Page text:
- Rabbi Isaac Roussel
Rosh Hashanah 5775 (2014)
Rabbi Isaac Roussel / Congregation Zera Avraham
There is a midrash that focuses on one word of the Akedah- “nah”, which means “please”. God says to Avraham, “Kach na et bincha…el eretz ha-moriah…” Please take your son… to the land of Moriah.
Is this a command or a request? The word “Kach” is in the imperative form, and yet He uses the word “please”.
The midrash likens it to a king who has a general that has fought many wars for him. He says to him, “You have won many battles for me, win this last one so that my generals cannot disparage me.” Similarly, the Holy One, Blessed Be He, said to Avraham, “I have tested you with 9 tests and you have withstood them. Now please stand this last test for me, so that they cannot say the others have no substance.”
The parable given in this midrash is clear. The king is God and Avraham is the general, and the wars are the tests of Avraham. What are these tests? It is mentioned in Pirke Avot that Avraham underwent ten trials, but it does not say what they were. There have been many attempts to enumerate them over the centuries. Here is the list by the Rambam:
Leave his land
Famine in the land
Egyptians capture Sarah
Fights battle with 5 kings
Circumcises himself in old age
King Gerar captures Sarah
Sends Hagar away
Ishmael becomes estranged
Sacrifice of Isaac
(I am not sure why marrying Hagar was a trial. Maybe she was a real gem of a wife! But then why is sending her away a trial?)
We can ask some questions of this midrash.
And what is at stake here? It doesn’t seem that the king is concerned about losing land, or treasure. He is concerned about his prestige. We can hear pleading in his words to his general. “Please don’t let my name be dishonored.”
And who are these generals mocking the king? It seems odd that his generals would do this. Should they not be loyal retainers? There are many theories about who they represent. Some say that they are the young men waiting at the foot of Mount Moriah. Others that it is Avraham’s household. Yet others say that it is the pagan nations of the world who are watching this drama unfold and are mocking God that Avraham will not be able to bear this last test. Finally, some say that the generals are God’s angels. But why would they want to mock God?
My take on this is that the generals indeed are the angels, but they are the fallen angels. It is ha-Satan and his legions that used to be God’s loyal generals who are now mocking Him. They are declaring that God’s grand experiment with Israel will fail. They are claiming that humanity is not trustworthy, that they cannot overcome their yetzer hara (evil inclination). Avraham is God’s great warrior who is showing them up.
But Avraham only points forward to that greatest of Generals, Yeshua ha-Mashiach! It is he who succeeds with the greatest of tests and dies for the sins of Israel and the nations. In Colossians it says “Stripping the rulers and authorities of their power, he made a public spectacle of them, triumphing over them by means of the stake.” This is meant to create the image of a Roman triumphal procession where the victorious general includes captives in parade to display to all his victory. With his resurrection, Yeshua marches his captives before the world, mocking those who mocked the King!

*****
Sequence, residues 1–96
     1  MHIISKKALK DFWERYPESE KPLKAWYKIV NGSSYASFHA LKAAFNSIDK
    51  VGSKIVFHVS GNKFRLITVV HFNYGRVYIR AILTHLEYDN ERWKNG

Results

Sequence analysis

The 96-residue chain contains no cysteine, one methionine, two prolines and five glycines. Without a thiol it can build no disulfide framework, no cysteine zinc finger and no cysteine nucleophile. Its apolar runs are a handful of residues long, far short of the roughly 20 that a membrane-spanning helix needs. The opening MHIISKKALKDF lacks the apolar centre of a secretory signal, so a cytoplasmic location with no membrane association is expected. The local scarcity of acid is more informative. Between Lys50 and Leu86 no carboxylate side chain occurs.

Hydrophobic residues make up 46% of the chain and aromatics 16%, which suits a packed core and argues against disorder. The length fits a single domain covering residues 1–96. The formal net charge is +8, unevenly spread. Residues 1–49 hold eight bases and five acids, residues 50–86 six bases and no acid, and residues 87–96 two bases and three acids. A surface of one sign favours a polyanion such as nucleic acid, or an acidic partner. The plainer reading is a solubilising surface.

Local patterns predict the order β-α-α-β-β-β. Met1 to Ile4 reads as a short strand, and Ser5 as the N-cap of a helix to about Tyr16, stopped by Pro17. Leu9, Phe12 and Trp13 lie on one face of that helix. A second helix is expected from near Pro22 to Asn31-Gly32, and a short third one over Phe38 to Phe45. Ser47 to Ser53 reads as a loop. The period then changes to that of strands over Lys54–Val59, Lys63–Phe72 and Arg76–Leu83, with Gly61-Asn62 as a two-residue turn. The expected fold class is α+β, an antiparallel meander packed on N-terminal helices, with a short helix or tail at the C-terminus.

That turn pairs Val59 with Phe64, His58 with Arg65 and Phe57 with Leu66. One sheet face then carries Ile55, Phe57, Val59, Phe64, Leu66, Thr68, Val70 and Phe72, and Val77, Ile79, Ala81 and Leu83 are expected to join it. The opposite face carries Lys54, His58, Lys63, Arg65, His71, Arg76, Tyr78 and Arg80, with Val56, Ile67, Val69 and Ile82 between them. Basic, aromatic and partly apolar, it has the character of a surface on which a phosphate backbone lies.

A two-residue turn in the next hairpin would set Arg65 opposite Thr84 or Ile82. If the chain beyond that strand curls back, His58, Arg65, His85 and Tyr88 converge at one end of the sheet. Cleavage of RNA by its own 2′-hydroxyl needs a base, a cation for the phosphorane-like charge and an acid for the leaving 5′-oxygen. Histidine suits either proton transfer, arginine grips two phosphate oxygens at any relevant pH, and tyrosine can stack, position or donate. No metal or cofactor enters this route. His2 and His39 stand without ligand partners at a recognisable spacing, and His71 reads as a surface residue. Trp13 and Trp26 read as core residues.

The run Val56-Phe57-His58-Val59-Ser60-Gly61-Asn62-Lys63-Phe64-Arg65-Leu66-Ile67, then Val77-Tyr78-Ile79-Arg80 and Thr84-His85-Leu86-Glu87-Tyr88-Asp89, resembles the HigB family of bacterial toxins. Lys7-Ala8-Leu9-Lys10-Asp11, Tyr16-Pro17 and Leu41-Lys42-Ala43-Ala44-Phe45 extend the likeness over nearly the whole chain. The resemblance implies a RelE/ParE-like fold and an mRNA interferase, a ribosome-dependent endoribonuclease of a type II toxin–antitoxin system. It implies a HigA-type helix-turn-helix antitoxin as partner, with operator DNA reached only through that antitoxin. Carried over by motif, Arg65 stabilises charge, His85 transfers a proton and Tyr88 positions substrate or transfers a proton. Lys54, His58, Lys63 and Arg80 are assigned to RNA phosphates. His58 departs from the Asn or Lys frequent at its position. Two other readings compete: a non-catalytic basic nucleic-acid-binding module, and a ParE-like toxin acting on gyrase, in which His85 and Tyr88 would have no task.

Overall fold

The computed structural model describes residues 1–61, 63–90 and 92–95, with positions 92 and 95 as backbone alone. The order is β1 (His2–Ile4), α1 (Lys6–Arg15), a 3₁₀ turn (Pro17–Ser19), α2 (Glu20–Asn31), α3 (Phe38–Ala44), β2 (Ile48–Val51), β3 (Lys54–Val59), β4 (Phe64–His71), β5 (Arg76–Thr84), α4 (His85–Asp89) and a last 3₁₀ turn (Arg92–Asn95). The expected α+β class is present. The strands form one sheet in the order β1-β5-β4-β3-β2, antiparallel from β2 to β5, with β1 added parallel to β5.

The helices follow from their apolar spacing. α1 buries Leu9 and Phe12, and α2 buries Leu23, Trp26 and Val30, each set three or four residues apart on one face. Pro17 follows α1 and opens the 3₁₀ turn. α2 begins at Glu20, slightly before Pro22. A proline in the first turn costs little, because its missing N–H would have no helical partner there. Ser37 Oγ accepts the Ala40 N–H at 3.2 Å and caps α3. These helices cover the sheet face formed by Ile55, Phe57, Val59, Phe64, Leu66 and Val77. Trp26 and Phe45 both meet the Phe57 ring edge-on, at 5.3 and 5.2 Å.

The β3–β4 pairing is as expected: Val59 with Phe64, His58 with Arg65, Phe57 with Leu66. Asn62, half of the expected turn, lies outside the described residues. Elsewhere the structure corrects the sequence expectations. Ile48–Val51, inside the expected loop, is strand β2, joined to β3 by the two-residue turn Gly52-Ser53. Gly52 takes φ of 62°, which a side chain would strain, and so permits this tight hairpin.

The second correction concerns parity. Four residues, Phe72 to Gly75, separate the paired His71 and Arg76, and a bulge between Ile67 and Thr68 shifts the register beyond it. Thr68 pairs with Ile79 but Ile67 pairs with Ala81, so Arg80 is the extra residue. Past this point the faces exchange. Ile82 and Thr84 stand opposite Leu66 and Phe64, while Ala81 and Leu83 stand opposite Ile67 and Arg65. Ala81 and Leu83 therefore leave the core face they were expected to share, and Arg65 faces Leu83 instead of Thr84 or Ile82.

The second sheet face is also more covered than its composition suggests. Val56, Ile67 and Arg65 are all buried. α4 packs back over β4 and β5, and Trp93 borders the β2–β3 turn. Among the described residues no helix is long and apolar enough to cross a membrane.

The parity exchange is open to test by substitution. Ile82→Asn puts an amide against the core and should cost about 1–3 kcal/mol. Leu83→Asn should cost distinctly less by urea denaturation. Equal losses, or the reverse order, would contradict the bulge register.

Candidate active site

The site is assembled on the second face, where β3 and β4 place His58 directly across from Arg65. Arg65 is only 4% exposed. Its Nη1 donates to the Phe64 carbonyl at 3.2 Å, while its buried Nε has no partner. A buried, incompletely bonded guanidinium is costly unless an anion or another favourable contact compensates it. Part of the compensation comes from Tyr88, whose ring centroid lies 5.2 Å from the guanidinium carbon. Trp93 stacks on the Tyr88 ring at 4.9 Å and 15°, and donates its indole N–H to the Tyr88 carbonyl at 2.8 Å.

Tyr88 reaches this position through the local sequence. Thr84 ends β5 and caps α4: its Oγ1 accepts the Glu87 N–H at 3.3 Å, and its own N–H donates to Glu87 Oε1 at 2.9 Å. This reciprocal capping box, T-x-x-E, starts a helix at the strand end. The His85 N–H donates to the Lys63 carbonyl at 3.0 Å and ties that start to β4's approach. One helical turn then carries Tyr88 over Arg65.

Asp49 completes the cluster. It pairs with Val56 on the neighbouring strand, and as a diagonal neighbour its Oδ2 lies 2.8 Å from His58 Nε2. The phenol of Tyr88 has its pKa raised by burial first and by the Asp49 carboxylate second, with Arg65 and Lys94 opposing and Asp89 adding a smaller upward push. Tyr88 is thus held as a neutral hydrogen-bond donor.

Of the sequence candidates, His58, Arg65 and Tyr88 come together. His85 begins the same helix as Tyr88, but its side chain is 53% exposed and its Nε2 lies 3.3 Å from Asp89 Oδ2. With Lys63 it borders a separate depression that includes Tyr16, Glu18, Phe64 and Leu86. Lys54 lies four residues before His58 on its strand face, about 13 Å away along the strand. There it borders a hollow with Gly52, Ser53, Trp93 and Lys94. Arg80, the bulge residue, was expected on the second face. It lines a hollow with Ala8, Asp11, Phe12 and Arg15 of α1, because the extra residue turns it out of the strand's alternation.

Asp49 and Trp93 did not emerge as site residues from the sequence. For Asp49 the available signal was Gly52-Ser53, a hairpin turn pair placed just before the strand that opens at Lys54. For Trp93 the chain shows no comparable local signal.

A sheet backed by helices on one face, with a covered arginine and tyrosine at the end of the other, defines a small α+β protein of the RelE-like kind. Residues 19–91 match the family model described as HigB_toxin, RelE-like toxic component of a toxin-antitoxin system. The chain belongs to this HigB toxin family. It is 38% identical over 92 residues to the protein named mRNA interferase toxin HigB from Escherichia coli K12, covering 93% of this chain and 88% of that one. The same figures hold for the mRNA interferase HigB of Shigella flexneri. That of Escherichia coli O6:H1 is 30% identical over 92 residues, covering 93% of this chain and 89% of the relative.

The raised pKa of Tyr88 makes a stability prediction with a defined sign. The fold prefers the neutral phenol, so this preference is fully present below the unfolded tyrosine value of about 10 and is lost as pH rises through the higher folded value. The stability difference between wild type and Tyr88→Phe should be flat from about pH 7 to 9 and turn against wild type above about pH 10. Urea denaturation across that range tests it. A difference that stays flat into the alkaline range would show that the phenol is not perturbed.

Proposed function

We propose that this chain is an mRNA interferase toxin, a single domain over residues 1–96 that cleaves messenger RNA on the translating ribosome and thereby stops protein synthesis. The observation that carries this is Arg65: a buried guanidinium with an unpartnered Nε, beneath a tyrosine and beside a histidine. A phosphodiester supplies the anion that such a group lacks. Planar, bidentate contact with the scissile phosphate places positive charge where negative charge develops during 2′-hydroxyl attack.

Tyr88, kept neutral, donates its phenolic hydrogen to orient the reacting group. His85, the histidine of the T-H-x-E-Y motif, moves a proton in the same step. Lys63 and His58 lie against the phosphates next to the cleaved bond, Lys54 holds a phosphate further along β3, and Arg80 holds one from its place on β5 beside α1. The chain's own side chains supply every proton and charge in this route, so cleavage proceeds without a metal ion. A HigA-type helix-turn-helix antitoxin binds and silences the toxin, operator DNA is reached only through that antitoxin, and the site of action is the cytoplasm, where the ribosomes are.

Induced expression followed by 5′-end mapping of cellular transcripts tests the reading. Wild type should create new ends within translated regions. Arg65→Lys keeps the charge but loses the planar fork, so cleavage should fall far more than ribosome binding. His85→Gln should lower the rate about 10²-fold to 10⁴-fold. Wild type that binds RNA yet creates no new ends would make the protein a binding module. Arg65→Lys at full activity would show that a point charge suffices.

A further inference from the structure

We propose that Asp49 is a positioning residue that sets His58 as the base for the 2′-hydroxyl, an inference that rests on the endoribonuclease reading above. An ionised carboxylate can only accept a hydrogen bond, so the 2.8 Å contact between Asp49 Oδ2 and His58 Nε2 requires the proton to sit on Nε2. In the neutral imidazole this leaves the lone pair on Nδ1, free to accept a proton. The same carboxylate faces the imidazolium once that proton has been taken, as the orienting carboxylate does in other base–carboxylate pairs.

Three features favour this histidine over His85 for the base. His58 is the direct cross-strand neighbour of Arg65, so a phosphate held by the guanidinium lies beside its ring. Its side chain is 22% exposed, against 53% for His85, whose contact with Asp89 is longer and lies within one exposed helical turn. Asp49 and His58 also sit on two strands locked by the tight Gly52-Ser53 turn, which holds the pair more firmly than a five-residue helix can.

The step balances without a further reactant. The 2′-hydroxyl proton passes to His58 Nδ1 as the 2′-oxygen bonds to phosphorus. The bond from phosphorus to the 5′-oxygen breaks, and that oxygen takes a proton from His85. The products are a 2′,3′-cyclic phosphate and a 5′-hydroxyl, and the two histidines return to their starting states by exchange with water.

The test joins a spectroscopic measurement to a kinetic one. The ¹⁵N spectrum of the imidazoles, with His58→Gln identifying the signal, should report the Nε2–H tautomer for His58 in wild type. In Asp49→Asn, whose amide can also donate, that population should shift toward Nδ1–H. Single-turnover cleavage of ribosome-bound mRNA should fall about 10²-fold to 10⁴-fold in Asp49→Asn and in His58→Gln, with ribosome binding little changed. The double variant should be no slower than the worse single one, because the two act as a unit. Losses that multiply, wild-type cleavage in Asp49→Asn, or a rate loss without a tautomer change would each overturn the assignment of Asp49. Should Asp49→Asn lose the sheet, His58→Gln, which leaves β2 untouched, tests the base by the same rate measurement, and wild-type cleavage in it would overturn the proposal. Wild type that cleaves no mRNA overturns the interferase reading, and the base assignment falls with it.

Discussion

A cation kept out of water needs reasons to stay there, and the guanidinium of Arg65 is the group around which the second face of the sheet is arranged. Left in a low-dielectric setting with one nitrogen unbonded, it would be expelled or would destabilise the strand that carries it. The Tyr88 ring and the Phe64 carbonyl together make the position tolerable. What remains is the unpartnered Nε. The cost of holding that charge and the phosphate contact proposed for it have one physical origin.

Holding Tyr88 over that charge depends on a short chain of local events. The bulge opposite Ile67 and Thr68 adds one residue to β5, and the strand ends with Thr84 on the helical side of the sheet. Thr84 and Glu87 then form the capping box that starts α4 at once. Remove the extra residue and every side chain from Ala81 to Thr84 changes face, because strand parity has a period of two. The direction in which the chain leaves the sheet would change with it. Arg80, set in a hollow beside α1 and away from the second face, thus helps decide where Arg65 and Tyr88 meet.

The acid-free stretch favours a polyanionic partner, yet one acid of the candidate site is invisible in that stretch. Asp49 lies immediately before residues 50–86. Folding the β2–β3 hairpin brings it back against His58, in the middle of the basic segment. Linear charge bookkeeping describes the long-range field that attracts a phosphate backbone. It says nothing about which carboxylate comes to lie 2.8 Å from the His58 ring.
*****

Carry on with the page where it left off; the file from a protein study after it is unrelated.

And in the Book of Hebrews it says “he became like them and shared that same human nature; so that by his death he might render ineffective the one who had power over death (that is, the Adversary) and thus set free those who had been in bondage all their lives because of their fear of death.”
Yeshua wins the war for Hashem and destroys the ability of the generals to accuse, mock, and disparage. In fact, he puts them on public display of shame in the heavenly realms!
We, too, are God’s generals. Every time we resist temptation and sin, we win a battle for Him. We declare to the rulers and authorities that we can indeed overcome the yetzer hara! That we can indeed be holy! And by doing so we thereby preserve and enhance God’s glory!
Our Sages tell us that shofar we about to hear not only is a call to repentance but it is also to announce the coronation of the King. We crown Him King with the blast of the shofar. But we also crown Him King when we win our own tests; when we resist temptation and sin! As we hear the shofar today, let us remember that we are His warriors, following our Great General Yeshua ha-Mashiach! And with him, we put on public display the rulers and authorities in the heavenly realms who would disparage our King. May the blast of the shofar call us forth to win many battles in this New Year. Shana Tova.